Here is our first view of the monster at the centre of the Milky Way.
Sagittarius A* (or Sgr A* for short) is the supermassive black hole at the centre of our galaxy, about 27,000 light years from us. Revealed on May 12, 2022 in six simultaneous news conferences in the USA, Germany, Mexico, Japan, China, Chile and Taiwan, this is only the second-ever direct image made of a black hole.
The historic image was created with the Event Horizon Telescope (EHT). The EHT is a global array of eightradio telescopes that can be combined by a supercomputer into a virtual Earth-sized telescope with unmatched resolution. In 2019, the EHT made an image of the supermassive black hole in the galaxy Messier 87, the first ever image of a black hole.
This new image of Sgr A* cannot show the black hole itself (as black holes cannot emit or reflect light) instead we are seeing a bright glowing ring about 60 million km wide with a dark central region. The black hole itself lies in the dark central region. Sgr A* has been measured to be 4.3 million times heavier than the Sun so its immense gravitational field is bending light around it. It is also surrounded by a huge accretion disc of very hot, in-falling material in constant motion.
Why wasn't Sgr A* the first black hole to be imaged? It is because of the moving accretion disc. This motion made it difficult to create a usable image so thousands of images were made during multiple observing sessions then combined to make a single image. Perfecting this technique took time, explaining why our first black hole image showed Messier which is further away but displays less movement. It is an incredible technical achievement. The picture looks very similar to the much larger Messier 87 black hole, showing that exactly the same laws of physics apply in our galaxies and others.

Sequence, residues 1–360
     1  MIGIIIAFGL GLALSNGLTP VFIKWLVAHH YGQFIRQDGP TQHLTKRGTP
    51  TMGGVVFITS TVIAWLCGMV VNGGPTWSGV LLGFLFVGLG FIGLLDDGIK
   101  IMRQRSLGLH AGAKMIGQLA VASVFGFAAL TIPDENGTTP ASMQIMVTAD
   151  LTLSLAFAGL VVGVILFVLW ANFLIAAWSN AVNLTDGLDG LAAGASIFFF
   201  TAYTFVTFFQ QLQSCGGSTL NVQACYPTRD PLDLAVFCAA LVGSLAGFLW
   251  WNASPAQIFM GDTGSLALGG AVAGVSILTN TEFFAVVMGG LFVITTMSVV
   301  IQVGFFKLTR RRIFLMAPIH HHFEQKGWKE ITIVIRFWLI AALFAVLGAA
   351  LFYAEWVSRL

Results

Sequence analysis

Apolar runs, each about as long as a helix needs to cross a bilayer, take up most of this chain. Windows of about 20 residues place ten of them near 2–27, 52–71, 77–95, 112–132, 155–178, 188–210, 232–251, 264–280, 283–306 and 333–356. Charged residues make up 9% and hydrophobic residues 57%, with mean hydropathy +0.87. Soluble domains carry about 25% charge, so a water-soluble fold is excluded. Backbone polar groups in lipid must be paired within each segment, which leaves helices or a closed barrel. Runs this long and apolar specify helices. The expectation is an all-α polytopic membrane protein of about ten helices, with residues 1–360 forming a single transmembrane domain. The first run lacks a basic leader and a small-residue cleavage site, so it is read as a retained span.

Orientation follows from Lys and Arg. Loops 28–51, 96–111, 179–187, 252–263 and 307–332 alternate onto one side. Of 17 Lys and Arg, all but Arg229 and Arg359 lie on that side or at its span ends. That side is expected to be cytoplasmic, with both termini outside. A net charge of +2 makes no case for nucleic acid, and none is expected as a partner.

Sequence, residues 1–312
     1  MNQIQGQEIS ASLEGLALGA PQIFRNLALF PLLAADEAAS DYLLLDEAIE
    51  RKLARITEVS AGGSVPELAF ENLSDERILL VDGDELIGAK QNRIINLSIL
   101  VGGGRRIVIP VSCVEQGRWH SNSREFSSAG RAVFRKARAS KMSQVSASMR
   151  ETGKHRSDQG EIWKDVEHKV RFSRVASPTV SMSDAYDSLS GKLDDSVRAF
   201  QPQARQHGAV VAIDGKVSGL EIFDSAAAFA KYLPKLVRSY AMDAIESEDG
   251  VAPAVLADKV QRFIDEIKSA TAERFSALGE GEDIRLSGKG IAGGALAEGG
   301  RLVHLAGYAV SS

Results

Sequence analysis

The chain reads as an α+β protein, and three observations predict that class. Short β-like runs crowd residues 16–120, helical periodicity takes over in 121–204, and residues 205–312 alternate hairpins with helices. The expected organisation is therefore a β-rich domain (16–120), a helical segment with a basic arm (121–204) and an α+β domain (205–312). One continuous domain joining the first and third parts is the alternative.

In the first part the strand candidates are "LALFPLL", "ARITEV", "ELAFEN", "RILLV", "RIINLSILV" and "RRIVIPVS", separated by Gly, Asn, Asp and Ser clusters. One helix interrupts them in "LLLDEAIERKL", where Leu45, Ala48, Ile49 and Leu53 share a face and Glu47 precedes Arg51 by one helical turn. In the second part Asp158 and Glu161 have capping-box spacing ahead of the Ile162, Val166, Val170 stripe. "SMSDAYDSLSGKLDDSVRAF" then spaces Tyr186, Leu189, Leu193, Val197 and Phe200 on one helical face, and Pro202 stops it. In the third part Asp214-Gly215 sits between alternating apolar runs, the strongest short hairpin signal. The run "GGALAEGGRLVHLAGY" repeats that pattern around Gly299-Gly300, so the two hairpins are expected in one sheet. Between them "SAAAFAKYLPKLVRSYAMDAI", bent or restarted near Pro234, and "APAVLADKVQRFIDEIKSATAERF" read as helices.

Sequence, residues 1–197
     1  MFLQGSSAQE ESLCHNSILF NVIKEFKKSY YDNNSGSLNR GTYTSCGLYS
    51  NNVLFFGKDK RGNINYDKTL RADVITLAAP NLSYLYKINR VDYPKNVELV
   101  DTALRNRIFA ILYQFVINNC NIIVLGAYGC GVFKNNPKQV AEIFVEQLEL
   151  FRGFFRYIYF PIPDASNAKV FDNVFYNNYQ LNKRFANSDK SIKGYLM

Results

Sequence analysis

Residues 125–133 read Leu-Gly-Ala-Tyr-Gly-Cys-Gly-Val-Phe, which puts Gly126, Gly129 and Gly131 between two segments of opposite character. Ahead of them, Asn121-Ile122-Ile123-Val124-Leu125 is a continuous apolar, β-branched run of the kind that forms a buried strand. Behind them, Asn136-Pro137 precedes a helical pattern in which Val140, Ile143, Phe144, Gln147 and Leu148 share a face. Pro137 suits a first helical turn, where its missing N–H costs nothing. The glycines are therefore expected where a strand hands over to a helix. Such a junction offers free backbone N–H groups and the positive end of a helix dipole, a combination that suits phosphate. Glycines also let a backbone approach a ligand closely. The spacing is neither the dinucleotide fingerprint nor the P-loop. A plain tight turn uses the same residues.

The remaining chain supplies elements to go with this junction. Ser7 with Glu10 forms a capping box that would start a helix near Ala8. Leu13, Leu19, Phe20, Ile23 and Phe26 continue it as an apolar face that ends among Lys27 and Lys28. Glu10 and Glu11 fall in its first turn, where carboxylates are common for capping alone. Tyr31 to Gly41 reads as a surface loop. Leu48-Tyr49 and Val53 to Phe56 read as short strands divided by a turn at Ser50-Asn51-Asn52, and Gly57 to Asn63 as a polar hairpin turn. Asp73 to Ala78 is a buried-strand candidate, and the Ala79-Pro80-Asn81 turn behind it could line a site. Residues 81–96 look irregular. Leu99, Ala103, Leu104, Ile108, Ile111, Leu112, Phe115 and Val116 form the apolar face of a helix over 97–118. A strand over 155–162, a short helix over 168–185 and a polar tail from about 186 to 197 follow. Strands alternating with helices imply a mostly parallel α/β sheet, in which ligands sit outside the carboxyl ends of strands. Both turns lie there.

Creating this image is an important breakthrough, how supermassive black holes develop and influence the galaxy around them is of great interest to scientists. The EHT is still being expanded, eventually it won’t just take pictures of black holes, it will make movies of them!
If you would like to make a Sky Tag for Sgr A* the co-ordinates are 17h 45m 40s −29° 0′ 28″
Any questions about black holes? Send your Night Sky images, experiences and questions to colin@NightSky.com You can also suggest topics you would like us to cover in future.
Image credit: EHT Collaboration